LE BOURGET, France-- Boeing Co. has raised its 20-year industry forecast for plane deliveries to 41,030 jetliners, with their value topping $6 trillion for the first time at list prices.
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Boeing, the world's No. 1 plane maker, said Tuesday that passenger traffic is poised to grow 4.7% over the next two decades. The outlook is more bullish than one European rival Airbus SE delivered this month, which projected 4.4% growth.
More than half the planes Boeing expects to deliver are intended to help airlines expand. The plane maker said the rest, about 43%, will be used to replace less efficient planes being phased out. Almost 40% of the planes will go to customers in Asia, driven heavily by booming air traffic in China.
Growth will be strongest in the hotly contested single-aisle segment where Boeing offers the 737 family of planes and Airbus the A320 variants.
Boeing expects 29,530 new narrowbody planes to make it into customer hands. On Monday, it launched its largest single-aisle plane, called the 737 Max 10, and said it had more than 10 customers committed to buying it.
Boeing and Airbus unveiled further orders at this week's Paris Air Show to underscore strong demand.
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Lessor Avolon said it signed an agreement to buy 75 single-aisle planes from the U.S. manufacturer. Ryanair Holdings PLC, Europe's largest airline by passengers, added 10 commitments for 737s. Aviation Capital Group signed for 20 of the new Boeing single-aisle planes. Okay Airways said it would take eight Max 10s and seven other Boeing narrowbody planes. Romania's Blue Air added committed to taking six 737 Max planes. Boeing also signed an agreement for Azerbaijan Airlines to take four 787 Dreamliner long-haul planes.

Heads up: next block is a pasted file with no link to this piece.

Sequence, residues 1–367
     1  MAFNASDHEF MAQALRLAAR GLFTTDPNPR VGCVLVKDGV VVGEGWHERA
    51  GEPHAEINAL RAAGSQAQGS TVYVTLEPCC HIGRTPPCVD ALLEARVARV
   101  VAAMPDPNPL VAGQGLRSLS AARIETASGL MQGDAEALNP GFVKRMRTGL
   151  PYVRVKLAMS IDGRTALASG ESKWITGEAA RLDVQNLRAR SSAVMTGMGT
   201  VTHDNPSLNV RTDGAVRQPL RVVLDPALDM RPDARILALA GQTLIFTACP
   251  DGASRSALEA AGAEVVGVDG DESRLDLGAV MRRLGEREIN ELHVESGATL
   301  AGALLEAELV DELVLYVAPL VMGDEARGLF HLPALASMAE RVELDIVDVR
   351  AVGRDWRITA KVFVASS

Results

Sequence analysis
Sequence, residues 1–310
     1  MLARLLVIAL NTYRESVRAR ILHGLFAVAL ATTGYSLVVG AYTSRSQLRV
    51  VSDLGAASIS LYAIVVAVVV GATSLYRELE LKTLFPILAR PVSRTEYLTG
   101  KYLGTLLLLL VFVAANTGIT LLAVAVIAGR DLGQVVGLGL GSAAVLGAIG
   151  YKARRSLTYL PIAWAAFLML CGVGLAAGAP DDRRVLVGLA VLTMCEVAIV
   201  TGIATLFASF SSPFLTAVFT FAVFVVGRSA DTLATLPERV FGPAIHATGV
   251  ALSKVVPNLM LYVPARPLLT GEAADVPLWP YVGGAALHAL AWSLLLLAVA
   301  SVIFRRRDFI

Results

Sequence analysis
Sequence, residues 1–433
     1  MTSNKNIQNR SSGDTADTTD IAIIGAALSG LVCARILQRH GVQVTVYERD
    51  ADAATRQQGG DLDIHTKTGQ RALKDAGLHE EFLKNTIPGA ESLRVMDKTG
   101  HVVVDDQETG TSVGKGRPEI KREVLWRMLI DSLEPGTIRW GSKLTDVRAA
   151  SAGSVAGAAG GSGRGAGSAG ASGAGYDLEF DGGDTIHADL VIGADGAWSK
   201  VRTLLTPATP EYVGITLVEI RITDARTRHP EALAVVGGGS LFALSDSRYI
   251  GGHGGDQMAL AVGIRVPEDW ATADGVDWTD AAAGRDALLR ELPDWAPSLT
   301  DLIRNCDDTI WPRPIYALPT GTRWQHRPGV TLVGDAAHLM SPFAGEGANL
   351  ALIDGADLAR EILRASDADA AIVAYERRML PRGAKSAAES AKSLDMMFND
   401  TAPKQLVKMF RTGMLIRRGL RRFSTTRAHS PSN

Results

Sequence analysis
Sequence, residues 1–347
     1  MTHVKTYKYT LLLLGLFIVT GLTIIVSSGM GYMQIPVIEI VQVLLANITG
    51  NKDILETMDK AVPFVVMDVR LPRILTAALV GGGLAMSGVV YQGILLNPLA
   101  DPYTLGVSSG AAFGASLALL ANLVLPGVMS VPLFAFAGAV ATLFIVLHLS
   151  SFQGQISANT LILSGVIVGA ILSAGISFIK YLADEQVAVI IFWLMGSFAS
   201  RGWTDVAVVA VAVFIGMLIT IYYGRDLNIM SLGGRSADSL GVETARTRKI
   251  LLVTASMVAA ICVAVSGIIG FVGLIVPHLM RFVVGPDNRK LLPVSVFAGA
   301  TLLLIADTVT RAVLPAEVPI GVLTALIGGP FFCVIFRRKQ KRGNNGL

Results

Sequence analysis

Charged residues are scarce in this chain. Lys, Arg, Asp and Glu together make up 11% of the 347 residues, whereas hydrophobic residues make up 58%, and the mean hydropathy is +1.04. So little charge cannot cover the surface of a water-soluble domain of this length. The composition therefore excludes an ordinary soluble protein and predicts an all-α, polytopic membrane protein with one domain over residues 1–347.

Airbus signed an agreement with Latin American discount carrier Viva Air for 50 single-aisle jets. CBD Aviation, which Monday bought planes from Boeing, signed for 45 Airbus narrowbodies on Tuesday.
The Chicago-based plane maker said it expects demand for widebody planes, where it offers the 787 Dreamliner and 777 models, to reach 9,130 airplanes. Order bookings have slowed for big twin-engine planes over recent months but Boeing said there is "a large wave of potential replacement demand beginning early in the next decade."
Randy Tinseth, vice president of marketing for Boeing's commercial airplanes said orders for big planes should start picking up next year or in 2019 to meet the need for widebodies from 2021.
The Boeing and Airbus outlooks are broadly similar, though the U.S. manufacturer counts smaller planes not in its rival's outlook. One segment where the two plane makers differ is in their demand forecast for the biggest passenger planes, where Boeing offers the 747-8 and Airbus its flagship A380 superjumbo.
Boeing said demand for that size plane will be principally in the cargo segment and that fewer than 100 passenger models of that type will be delivered during the coming 20 years. Airbus says more than 1,400 such planes will be delivered, including cargo models.
Both Airbus and Boeing have been forced to cut production rates of their biggest planes because of demand softness.
Boeing has shifted its focus to big twin-engine planes that can seat more than 400 passengers. By contrast, Airbus officials insist the market for its big, four-engine plane will recover. It used this week's Paris Air Show to unveil plans for enhancements to the plane's massive wing to help boost fuel efficiency 4% as the latest in a series of design tweaks to help lure customers. So far those efforts have yielded no tangible results.
Airbus plane head Fabrice Brégier said the plane maker was in active talks for further A380 deals, though timing of when they would be completed remained uncertain. He expressed confidence the A380 would secure further orders once demand for big planes recovers.
Write to Robert Wall at email@example.com
(END) Dow Jones Newswires
June 20, 2017 08:05 ET (12:05 GMT)